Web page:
South Steyne, North Steyne and Queenscliff
Iconic Manly Beach is a surf beach that has three main sections South Steyne, North Steyne, in the centre, and Queenscliff (Queensie) at the northern end.
In the summer months there are usually three sets of flags - one at each of these sections, where swimmers can swim with the added assurance that these areas are patrolled by lifeguards.
Queenscliff also has a large ocean pool where you can simply splash around or do lengths. The perfect spot when bluebottles are around. There are also volleyball nets between North and South Steyne where you can grab a game or watch as others try their hand at this beachside sport.
Around the corner from South Steyne is the picturesque Shelly Beach. The popular walk from South Steyne to Manly is often busy in the summer and there is the added attraction of Fairy Bower Ocean Pool part of the way round. Shelly is a popular spot for divers and snorkellers. Shelly Beach has a grassy area with public BBQs making it the perfect picnic spot.
Harbour beaches mean calm waters and no waves. For waves and surf stick to the ocean beaches previously mentioned.
West Esplanade Beach
This sheltered beach stretches from Manly Wharf round to the Manly Sea Life Sanctuary site. There is a netted swimming area and the waters are usually very calm and clear. A perfect spot for young families, there are shops and cafés nearby to grab a bite to eat or drink, as well as grassed area behind the sand with plenty of trees and shade and picnic tables.
East Esplanade Beach
On the other side of Manly Wharf – to the left as you face out towards the harbour, is East Esplanade Beach. Another popular spot for families, you can hire SUPs, kayaks and other water craft. Boats are close by and the beach itself tends to be shallower than the other side of the wharf.
A short stroll from Manly Wharf are some beaches few tourists ever make it to, and they are accessed by a beautiful harbour walk suitable for all levels of fitness and stroller friendly. As you walk away from Manly and past the Manly Museum and Art Gallery, you join the scenic walkway and in a mere ten minutes, if that, you could easily walk straight past Delwood Beach without knowing it’s there. Steps from the walkway lead down to Delwood where you find calm waters to swim and snorkel in without having to vie for a spot. View across the harbour and the chance to watch the ferries and boats add to the endless appeal of this sheltered beach.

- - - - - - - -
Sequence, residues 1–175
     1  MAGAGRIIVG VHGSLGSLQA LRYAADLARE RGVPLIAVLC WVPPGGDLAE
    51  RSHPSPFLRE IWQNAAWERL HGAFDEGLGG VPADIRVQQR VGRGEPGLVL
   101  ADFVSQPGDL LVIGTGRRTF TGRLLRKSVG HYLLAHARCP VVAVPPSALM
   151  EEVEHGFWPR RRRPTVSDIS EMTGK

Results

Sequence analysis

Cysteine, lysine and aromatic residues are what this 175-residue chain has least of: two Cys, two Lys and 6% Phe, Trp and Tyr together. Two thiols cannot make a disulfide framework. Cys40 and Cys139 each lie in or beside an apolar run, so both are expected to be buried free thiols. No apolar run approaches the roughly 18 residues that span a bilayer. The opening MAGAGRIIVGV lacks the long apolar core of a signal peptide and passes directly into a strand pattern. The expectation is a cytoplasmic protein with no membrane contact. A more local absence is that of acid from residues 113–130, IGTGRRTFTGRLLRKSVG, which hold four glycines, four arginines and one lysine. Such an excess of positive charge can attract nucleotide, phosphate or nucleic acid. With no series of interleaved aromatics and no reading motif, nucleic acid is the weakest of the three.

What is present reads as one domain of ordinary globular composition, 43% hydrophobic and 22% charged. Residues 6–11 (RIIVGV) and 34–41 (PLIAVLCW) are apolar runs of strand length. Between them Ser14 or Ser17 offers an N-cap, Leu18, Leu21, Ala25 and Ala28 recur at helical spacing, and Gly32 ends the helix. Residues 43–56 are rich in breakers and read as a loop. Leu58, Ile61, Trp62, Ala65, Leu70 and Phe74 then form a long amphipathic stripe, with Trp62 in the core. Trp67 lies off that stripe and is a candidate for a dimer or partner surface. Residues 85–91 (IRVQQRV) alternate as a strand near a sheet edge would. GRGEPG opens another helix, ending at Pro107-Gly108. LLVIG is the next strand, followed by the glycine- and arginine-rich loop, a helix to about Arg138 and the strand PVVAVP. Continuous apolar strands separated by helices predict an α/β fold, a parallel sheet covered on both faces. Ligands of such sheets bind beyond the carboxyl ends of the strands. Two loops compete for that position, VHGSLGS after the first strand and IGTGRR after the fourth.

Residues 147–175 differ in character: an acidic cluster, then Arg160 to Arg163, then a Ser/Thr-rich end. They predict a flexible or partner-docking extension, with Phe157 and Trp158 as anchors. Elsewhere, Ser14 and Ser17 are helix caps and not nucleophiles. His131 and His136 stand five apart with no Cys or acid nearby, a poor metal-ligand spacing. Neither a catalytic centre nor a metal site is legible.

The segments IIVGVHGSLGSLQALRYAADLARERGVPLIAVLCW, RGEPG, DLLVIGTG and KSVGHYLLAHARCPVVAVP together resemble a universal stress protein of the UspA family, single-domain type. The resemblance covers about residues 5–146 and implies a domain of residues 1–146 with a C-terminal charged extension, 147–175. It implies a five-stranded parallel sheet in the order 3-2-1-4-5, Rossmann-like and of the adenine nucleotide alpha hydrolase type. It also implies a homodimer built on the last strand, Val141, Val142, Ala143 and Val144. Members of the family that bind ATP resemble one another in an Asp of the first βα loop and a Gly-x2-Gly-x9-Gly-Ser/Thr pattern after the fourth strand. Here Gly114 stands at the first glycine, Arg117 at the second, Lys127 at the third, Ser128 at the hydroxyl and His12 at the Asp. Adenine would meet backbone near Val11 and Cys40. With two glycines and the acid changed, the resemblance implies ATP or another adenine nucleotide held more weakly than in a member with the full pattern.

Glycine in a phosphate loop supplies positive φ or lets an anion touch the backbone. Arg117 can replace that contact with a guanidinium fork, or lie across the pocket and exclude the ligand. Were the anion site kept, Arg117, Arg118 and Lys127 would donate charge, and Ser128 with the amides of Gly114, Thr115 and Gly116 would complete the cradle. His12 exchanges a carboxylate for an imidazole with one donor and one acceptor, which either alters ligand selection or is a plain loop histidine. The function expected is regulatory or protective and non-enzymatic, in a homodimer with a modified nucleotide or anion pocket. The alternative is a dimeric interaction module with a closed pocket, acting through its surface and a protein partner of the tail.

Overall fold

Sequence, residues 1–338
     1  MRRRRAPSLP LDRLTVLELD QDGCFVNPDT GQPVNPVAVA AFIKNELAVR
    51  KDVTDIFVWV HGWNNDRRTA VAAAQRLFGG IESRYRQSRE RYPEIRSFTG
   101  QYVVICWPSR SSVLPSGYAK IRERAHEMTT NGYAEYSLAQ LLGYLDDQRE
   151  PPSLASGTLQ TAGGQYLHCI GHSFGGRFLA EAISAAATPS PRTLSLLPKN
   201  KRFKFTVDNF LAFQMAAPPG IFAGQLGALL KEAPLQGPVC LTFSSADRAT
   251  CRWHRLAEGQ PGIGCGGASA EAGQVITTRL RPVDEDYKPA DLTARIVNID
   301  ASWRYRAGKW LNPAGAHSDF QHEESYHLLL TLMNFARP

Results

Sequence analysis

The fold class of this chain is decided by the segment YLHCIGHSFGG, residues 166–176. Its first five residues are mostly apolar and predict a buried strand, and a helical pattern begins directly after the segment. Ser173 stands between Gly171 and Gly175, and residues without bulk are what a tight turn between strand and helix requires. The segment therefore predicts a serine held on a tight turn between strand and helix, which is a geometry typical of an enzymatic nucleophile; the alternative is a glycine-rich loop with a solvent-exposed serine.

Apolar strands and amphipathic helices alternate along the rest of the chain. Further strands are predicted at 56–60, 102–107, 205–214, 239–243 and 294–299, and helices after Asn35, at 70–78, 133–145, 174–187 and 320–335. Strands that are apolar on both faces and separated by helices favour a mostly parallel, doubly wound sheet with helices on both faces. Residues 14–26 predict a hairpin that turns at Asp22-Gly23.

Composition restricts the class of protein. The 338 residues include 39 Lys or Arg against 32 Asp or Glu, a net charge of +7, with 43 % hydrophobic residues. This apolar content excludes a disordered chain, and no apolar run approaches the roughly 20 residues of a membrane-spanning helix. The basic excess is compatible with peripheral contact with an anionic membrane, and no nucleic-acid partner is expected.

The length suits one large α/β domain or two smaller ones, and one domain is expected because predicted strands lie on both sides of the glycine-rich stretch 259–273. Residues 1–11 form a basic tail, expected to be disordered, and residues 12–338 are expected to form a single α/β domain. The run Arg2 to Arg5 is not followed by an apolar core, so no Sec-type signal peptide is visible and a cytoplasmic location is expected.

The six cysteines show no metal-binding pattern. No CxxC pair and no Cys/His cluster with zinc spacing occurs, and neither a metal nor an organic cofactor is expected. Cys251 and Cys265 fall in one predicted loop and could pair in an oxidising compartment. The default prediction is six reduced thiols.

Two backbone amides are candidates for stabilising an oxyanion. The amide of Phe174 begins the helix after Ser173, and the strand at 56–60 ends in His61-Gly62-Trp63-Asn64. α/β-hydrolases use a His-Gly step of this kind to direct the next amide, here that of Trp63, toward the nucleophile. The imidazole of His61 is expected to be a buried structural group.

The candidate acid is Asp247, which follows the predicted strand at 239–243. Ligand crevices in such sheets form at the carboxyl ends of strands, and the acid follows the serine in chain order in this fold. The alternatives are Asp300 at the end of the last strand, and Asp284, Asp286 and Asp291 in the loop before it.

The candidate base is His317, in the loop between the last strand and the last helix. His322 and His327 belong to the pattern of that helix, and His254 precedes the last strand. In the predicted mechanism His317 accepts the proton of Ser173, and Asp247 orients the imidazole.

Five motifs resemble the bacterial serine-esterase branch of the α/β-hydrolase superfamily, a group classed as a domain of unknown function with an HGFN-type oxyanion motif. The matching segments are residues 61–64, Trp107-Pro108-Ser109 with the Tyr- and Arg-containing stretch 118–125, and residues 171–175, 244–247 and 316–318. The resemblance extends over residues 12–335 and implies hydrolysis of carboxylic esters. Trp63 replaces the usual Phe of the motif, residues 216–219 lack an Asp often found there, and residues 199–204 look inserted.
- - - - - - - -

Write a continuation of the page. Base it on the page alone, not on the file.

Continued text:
A few minutes further round the walk you come to the larger and more popular Fairlight Beach. The sand may be rougher than you find at most of the beaches in the area but the ocean pool and beautiful outlook are favoured by many Manlyites. There is path down to the sand that is fully accessible, public toilets and grassed areas, as well as many great rocks where you can set up camp to while away the hours. So close to Manly centre, it feels as if you are far from the buzzing resort and yet getting back couldn’t be simpler via the scenic walkway.
A short 10 to 15-minute walk from Manly Wharf, this gorgeous family favourite beach at Stuart Street is a popular haunt with locals. This gorgeous family friendly harbour beach has a netted swimming area for extra reassurance and rocks with shallow pools to explore. The net is a popular jump-off point for adults and kids. A grassed area behind the beach is the perfect picnic place and there are public showers and toilets as well as a kiosk open in summer serving ice creams, drinks, snacks and more. One of the most popular family beaches around, it is best to get there early to reserve your spot and parking can be tight, so walk if you can.
Further on from Little Manly are Collins and Store Beaches. Store beach is accessible by water and hence very private. This secluded harbour beach has no facilities but is a beautiful spot.
Collins Flat Beach lies between North Head and Little Manly Cove. There are no facilities but there are wonderful views across The Heads, and a waterfall to complete the picture. This is home to Manly’s Fairy Penguin colony so absolutely no dogs are allowed. Quarantine Station is just around the next bend. Boats sometimes anchor offshore but this tends to be one of the quieter beaches in the area.
Forty Baskets Beach
The name Forty Baskets lies on the Manly to Spit Bridge Walk and its name comes from a catch of 40 baskets of fish made in 1885 and sent to troops at North Head Manly Quarantine Station. The beach faces north east across Manly Cove with toilet facilities, a children’s playground, barbecue areas and a shark proof netted swimming area. The beach is backed by a grassy reserve, making it the ideal picnic spot.